I’ve never been drunk or high in my life, but at this very moment, I am regrettably both. And I hate the way it feels. And I hate that I hate the way it feels. So much for hoping I’d be the type who was bold enough to dabble and experiment. The kind of girl who brought the “good shit” to the party instead of the girl who was on the verge of a panic attack because she should have eaten half a gummy instead of a whole one. But this is me, in a nutshell. Always desperate to be twenty degrees cooler than I actually am. I’m an isosceles triangle and my sine, cosine, and tangent are anxiety, insecurity, and irrational fear—all hidden away in uneven angles.
“Are you feeling it?” Gabriela asks me, the slightest trace of a smirk on her face.
My best friend, Gabriela, and I are fully clothed, in our pajamas, sitting in the empty Jacuzzi tub in my bathroom. Even though it’s big enough to fit us comfortably, I told Gabs she wasn’t allowed to fill it with water. I was too scared the mixture of edibles and vodka would lull us to sleep and we’d drown. Dead in a tub with my best friend is not the manner in which I’d like to leave the world. In fact, I don’t want to leave the world at all. But these are the thoughts that spurn the current internal debate I’m having in my head: Should I play it cool or should I tell Gabs that she needs to get my parents, because I’m almost one hundred percent certain that my heart is going to stop and I’m going to take my last breath in a bathroom? I do my best to accomplish the former because I’m so scared she’ll be disappointed in me. Gabs looks so happy. I don’t want to spoil the mood by informing her that I’m about to die on her watch. I knew she would handle our alcohol-and-drug binge better than me, because that effortlessly cool girl I want to be? She’s sitting right in front of me.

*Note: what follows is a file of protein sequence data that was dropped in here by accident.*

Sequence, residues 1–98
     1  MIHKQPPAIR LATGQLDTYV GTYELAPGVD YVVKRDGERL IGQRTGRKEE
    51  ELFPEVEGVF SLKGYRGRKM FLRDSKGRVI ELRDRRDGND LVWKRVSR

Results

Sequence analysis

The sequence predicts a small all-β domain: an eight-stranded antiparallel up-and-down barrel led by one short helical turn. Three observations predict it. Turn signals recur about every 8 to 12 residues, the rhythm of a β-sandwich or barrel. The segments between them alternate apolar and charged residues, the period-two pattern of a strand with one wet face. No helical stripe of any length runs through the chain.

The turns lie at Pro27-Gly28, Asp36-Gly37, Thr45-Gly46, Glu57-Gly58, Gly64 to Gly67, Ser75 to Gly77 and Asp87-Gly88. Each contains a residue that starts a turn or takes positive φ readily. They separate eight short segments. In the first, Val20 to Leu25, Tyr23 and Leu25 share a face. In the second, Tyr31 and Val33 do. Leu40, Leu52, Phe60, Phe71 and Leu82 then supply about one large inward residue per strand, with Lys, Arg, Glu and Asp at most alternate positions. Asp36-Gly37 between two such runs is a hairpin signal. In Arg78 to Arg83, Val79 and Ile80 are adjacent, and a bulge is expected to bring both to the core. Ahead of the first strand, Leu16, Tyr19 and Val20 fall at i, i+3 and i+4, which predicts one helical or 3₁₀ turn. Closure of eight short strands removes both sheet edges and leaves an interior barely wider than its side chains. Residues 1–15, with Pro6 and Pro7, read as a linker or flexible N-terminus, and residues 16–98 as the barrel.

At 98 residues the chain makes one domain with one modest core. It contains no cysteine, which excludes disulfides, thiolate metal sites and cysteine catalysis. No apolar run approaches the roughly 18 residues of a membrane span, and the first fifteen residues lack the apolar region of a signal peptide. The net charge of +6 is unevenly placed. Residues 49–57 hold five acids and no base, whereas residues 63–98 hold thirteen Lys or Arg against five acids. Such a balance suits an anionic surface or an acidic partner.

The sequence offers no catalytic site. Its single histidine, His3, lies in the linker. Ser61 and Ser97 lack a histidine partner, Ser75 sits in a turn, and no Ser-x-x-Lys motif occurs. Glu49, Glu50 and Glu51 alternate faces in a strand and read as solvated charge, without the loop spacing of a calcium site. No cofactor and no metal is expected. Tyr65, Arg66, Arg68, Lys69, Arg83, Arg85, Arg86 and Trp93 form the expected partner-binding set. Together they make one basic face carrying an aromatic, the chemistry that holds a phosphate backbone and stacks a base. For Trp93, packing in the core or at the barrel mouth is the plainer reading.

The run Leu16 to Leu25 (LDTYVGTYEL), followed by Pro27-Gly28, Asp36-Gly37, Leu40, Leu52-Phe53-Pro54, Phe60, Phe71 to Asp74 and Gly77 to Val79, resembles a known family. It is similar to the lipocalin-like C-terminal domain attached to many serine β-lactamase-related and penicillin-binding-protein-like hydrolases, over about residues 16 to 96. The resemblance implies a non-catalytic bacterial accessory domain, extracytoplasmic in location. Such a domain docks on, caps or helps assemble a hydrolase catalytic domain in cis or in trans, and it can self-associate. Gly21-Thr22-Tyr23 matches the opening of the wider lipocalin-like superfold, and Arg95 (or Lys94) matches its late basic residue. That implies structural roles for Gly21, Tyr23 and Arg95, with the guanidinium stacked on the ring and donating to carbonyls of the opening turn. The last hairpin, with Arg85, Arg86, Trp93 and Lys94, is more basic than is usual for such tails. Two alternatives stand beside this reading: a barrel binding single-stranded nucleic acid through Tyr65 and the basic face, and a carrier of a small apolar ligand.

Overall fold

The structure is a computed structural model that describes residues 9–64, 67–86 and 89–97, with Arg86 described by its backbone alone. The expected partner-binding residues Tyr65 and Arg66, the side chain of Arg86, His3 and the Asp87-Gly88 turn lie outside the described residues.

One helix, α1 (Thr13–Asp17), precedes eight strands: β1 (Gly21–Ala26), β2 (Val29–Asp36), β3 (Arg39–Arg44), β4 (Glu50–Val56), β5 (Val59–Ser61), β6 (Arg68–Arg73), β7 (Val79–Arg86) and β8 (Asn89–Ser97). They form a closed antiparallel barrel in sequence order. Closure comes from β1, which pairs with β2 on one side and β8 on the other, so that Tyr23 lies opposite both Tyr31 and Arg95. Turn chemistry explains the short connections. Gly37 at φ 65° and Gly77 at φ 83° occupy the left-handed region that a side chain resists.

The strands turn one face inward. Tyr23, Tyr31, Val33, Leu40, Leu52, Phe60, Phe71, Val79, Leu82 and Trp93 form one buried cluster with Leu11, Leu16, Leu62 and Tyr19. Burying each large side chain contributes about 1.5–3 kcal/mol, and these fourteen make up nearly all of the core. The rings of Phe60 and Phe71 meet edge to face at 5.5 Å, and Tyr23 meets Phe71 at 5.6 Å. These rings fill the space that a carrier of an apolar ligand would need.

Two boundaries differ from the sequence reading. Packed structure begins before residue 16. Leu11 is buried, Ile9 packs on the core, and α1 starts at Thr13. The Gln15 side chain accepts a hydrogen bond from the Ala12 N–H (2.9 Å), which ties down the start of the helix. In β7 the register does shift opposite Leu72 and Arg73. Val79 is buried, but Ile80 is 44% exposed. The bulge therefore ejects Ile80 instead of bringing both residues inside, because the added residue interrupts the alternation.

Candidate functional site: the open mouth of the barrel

“I’m not sure,” I manage to say. “Are you feeling it?”
I think I got the words out, but my intense case of cotton mouth makes speaking a challenge. Why didn’t we think to grab a pitcher of water from the kitchen when we pilfered my parents’ bottle of Tito’s from the bar cart? I guess we didn’t know that thirst would be a side effect of edibles. Or maybe thirst is not a normal side effect but merely a sign that my organs are shutting down. There’s no point in scaring Gabs because she won’t have the answers anyway. She may be more confident than me, but when push comes to shove, she’s just as inexperienced.
There’s a reason we’re doing drugs alone, in my bathroom, and not at the party across the street at Lizzy Pearson’s house. We are flying solo in a bathtub while virtually every other senior we
know (including Andrew Nanaka—our former best guy friend) is probably taking shots of Fireball in Lizzy’s kitchen and finding a dark corner of her house to make out in. But I try not to dwell on those facts. After all, we’re probably safer cooped up in my bathroom.
According to every news outlet in America, the world is on the brink of a global pandemic, one that disproportionately impacts people our age, and if that actually turns out to be true, then I don’t think it’s safe to be trapped in a house with a hundred teenagers. I’d rather be irrelevant than get invited to a death trap. And as much as I’d love to be kissing anyone right now, it’s a hard pass if it means contracting a fatal disease. At my high school, no one’s mouth or tongue or penis is worth dying for. On that topic, I think Gabriela and I can agree.